• All officers and supervisory staff have completed a foundational session exploring DEI engagement.
    • The Department of Public Safety and Transportation and the Office of Diversity, Equity and Inclusion sponsored a community forum, “Public Safety, Law Enforcement and Diversity, Equity and Inclusion,” to further community engagement.
  5. Dismantle racism in hiring and promotion practices.
    • All active faculty search committees completed implicit bias training; all Unit Peer Review Committees and the Faculty Committee on Reappointment, Tenure and Promotion were provided with training. Academic deans played an active role in furthering diversity in the hiring process, and worked with the Office of the Provost to implement mentoring plans in their schools/colleges.
    • Our board of trustees participated in a multi-session engagement, exploring DEI fundamentals as well as considerations specific to their roles as trustees. Similarly, an engagement session was delivered to the president’s cabinet (consisting of the president, executive leadership, deans, associate deans and senior leaders).
  6. Design and improve the University’s diversity student recruitment and retention plan.
    • University Admissions implemented a test-optional policy, including extension of the policy for 2022–2023 admissions applicants. Additionally, to build on access and affordability, the University increased the percentage of need met for newly enrolling students, driving down financial aid gaps for many applicants.
    • The University modified its merit scholarship policy, removing the pressures of minimum grade point average (GPA) requirements to maintain academic awards. This shift in gift aid policy was done with student success in mind.
    • Prospective students were engaged throughout the year with personal invitations to attend our virtual multicultural events and build an early sense of community and support within our multicultural student clubs, organizations and academic departments.
    • Recruitment of historically underrepresented communities expanded through efforts including College Awareness Day, the Hispanic Community Partnership Program, and partnership opportunities with community organizations and special college advising outlets to counsel students on the college application process. Additionally, we continued our bilingual and Americans with Disabilities Act (ADA)-compliant recruitment opportunities, including information sessions, publications and campus tours.
    • We expanded our fundraising for the President’s Student Success Scholarship and multicultural scholarships, maximizing additional aid for students in need.
    • We presented a preliminary redesign of student enrollment services, including the University Registrar, Student Financial Services, Student Account Services, and Cashiers and Billing to better support students, providing the tools and flexibility necessary to maximize retention, progression and affordability. This One-Stop Enrollment Services Center is expected to unfold over the coming 2021–2022 academic year.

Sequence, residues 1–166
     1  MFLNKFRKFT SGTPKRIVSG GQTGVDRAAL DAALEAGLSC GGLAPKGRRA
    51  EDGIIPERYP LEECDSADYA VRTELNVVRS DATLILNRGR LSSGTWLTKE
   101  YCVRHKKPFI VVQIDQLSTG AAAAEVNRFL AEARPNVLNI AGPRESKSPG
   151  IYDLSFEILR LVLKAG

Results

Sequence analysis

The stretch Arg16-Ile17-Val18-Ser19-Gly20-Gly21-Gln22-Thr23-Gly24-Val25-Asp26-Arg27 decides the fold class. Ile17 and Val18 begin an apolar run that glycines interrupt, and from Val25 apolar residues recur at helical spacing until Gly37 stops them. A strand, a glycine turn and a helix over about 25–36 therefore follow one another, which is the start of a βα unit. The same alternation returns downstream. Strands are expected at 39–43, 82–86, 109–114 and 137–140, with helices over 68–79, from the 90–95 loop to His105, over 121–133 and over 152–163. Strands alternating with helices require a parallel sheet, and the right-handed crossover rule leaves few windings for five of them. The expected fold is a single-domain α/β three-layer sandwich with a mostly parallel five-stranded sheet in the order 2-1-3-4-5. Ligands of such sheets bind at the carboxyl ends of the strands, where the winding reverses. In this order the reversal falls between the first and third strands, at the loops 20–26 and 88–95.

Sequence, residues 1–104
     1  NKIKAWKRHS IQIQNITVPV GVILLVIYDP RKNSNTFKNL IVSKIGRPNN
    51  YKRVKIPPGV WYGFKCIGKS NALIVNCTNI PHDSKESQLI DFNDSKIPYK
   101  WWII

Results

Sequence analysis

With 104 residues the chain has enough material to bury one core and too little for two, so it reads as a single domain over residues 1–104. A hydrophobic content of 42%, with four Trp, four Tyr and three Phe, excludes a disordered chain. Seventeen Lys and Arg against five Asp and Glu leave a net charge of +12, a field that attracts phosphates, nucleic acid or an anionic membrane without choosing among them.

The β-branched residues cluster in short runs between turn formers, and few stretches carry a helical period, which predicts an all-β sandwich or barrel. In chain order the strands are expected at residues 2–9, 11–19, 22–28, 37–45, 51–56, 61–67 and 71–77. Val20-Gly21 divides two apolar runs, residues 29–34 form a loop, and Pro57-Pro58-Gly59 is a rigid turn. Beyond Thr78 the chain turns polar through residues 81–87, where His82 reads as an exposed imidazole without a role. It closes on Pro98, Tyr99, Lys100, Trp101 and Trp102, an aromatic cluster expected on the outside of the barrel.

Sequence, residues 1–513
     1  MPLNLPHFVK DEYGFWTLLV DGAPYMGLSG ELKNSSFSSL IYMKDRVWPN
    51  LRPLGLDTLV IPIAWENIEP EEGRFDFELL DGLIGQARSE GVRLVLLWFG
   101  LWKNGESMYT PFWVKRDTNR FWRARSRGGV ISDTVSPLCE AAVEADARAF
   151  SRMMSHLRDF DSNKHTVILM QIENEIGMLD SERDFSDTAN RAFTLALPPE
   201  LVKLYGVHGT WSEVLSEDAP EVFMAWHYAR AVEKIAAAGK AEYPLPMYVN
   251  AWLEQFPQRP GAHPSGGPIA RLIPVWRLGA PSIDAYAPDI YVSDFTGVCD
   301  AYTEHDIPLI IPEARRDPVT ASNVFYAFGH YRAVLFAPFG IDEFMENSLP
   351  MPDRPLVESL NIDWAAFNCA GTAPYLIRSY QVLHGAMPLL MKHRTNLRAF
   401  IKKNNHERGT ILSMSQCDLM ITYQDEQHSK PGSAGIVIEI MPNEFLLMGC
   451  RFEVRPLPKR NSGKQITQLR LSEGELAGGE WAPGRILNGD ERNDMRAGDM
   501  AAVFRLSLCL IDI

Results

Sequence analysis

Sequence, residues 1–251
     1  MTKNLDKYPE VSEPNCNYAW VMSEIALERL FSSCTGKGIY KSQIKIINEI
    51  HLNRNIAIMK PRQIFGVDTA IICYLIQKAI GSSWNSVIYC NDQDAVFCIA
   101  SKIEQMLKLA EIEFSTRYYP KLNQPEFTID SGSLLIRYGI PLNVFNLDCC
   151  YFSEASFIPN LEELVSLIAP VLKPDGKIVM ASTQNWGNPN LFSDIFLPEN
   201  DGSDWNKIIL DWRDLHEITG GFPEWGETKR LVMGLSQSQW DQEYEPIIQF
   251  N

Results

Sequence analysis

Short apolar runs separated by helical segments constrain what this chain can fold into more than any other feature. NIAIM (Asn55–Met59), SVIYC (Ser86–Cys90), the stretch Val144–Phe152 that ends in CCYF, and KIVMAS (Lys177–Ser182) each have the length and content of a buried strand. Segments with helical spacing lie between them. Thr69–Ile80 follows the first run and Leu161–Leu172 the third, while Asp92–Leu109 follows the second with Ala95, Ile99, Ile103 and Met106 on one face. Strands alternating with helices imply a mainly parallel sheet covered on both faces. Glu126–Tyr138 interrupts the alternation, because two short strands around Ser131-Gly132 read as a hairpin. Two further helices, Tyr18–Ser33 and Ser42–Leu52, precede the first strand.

• Student success coaching models were launched, assisting in the retention and support of vulnerable students.
    • LGBTQ+ efforts were expanded to support our community members, including the ability for members of our transgender community to use preferred names on identification cards, establishment of new scholarship opportunities, and creation of empowerment groups for transgender and gender-nonconforming students and queer people of color.
  7. Build resource libraries and structures to advance antiracism work.
    • Our library purchased a significant number of materials, including books, journals and an audio/video collection, and created a new LibGuide to highlight diversity, equity and inclusion works and resources.
    • The Truth, Racial Healing and Transformation Campus Center launched its website and expanded its work to erase structural barriers to equal treatment and opportunity on campus.
    • Ongoing special events, including University Libraries’ Critical Knowledge Forum series, set out to challenge and educate our community, including advancement of antiracism work.
  8. Improve the system for reporting discrimination, bias and abuse.
    • The University completed an external review of the systems for reporting of discrimination, bias and abuse, including an evaluation of student conduct, Title IX, human resources, public safety, residence life, the hotline and any other area which may receive regular complaints or reports. Resulting from its findings, we are now creating a centralized office to provide guidance on and holistically address reported concerns, under the guidance of Gene Palma, vice president of University wellness, safety and administration.